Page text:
Anis Mojgani’s TED Talks, book sales, YouTube hits, National Book Award nomination, and back-to-back Slam championships craft an impressive profile of the poet, but it isn’t until you read his poetry, experience his performance, or meet the friendly, gracious writer that it really strikes you: Anis Mojgani is a super cool guy – like, the super coolest. In both his writing and onstage banter, Mojgani approaches all kinds of topics – loss, love, biscuits – with grace, humility, and an effervescent sense of humor.
Don’t be surprised if the next generation of poet scholars pens critical essay after critical essay on Anis Mojgani’s imaginative metaphors and magical realism with lines like these: “This is how she makes me feel / the subway chambers of Moscow/ …If you happen to be a child / that has climbed down my steps / to yell into my body / those echoes will bounce their way / across those vaulted underground ceilings/ this happens all the time / my dark tunnels are filled with these sounds,” from “This is How She Makes Me Feel,” a.k.a. the dreamiest love poem ever.
Before he reached this point in his career, Anis was a slam poet, meaning he performed original poems that were then judged by a democratically selected group of people, usually audience members. Anis sat down with me to share a bit about his start on the Slam scene.
“I first read about (Slam) before going off to college and I thought that it was really, really, fascinating that there was this thing that, A. allowed folks to share their innermost thoughts and emotions and ideas, and that it was open to whomever, that anyone was allowed to participate, that they didn’t have to have this credential or done this ‘X’ amount of times.”
The Breaking Ground Poets – youth poets out of Tunkhannock, coached by local teacher Katie Watkins Wisnosky – have been practicing spoken word for the past year with their own slams, working with visiting poets and mentors to prepare to compete at HBO’s “Brave New Voices” youth slam and conference. The Tunkhannock teens were joined in Chicago by teams from several U.S. and international cities.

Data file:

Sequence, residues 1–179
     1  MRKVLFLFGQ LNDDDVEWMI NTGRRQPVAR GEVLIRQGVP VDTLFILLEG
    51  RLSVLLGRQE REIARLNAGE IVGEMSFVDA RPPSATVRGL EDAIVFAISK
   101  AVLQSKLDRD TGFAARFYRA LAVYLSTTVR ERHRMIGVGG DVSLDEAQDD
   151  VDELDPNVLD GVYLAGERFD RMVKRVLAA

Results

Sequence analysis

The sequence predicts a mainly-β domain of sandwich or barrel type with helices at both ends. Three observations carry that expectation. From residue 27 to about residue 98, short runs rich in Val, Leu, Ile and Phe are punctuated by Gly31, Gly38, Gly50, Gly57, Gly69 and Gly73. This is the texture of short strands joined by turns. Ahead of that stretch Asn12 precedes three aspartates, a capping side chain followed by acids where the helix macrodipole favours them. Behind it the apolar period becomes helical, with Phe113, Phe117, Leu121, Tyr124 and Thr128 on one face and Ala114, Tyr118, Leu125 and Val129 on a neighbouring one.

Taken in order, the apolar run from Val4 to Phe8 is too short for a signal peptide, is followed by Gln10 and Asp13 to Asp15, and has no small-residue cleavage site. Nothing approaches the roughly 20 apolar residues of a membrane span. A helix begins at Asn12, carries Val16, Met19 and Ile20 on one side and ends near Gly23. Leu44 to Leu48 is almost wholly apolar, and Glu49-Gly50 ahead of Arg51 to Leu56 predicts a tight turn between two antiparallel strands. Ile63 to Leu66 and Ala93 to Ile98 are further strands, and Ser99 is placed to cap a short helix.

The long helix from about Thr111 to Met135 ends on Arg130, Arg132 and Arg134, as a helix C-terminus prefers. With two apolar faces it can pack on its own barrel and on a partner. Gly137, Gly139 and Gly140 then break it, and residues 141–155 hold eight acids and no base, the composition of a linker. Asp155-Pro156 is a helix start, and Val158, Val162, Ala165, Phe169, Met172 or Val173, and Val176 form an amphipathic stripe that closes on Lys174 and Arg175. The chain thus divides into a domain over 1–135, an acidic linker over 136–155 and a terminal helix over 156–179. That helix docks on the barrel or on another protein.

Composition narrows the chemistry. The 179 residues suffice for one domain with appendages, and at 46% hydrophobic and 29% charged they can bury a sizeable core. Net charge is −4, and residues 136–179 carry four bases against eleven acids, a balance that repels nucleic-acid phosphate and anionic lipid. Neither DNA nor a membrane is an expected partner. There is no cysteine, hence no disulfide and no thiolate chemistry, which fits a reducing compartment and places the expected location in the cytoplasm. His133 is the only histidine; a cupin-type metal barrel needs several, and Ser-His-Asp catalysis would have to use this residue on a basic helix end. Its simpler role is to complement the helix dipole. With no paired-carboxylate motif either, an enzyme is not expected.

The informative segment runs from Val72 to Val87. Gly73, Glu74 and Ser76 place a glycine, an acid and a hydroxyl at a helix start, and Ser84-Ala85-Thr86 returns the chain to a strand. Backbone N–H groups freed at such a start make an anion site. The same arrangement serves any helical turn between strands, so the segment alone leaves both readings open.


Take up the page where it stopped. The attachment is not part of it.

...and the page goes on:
Mojgani recognizes the genre-transcending universality of slam poetry, explaining, “It’s like, ‘Hey, I have something to say and I have the courage to step forward and do this,’ and what was even more fascinating to me was that it was this thing that reminded people, maybe for the first time, that poetry was not something separate from humanity and humans.
“Since poetry comes from the human experience, you get to participate in it, and you get to participate by either writing it or sharing it or watching it and reading it and listening to it, and your opinion counts. You get to say, ‘Nothing about that poem moved me;’ you get to say, ‘You know what? That poem very much affected the way that I walk through the world;’ and I thought that was a really powerful thing.”
On Sunday, Aug. 25, the Austin, Texas poet wooed the crowd at TwentyFiveEight Studios in Scranton with audience favorites – starting with his welcoming opener “Come Closer” and ending with sigh-inducing “Shake the Dust” – and peppered his set with two very recent poems from National Poetry Month’s 30 Poems in 30 Days exercise. Mojgani stayed after the show for a meet-and-greet and book signing.
Breaking Ground Poets Keri Klinges and Angelo Maruzelli opened for Mojgani, performing both individual poems and a moving group piece with enthusiasm, passion, and animated delivery. Coach Katie Watkins Wisnosky has mentored youth poets for two years and, in a very short time, has shifted the poetry community, supporting and nurturing local talent – from youth slams and bringing in nationally recognized authors like Andrea Gibson and Lauren Zuniga.
Many of these poets have met with students for a workshop or a Q&A before the BGP fundraising performances. Poet Buddy Wakefield, another heart-shaking wordmaster from the Write Bloody Publishing family, will grace the stage of the Vintage Theater on October 19. Tickets will be available online.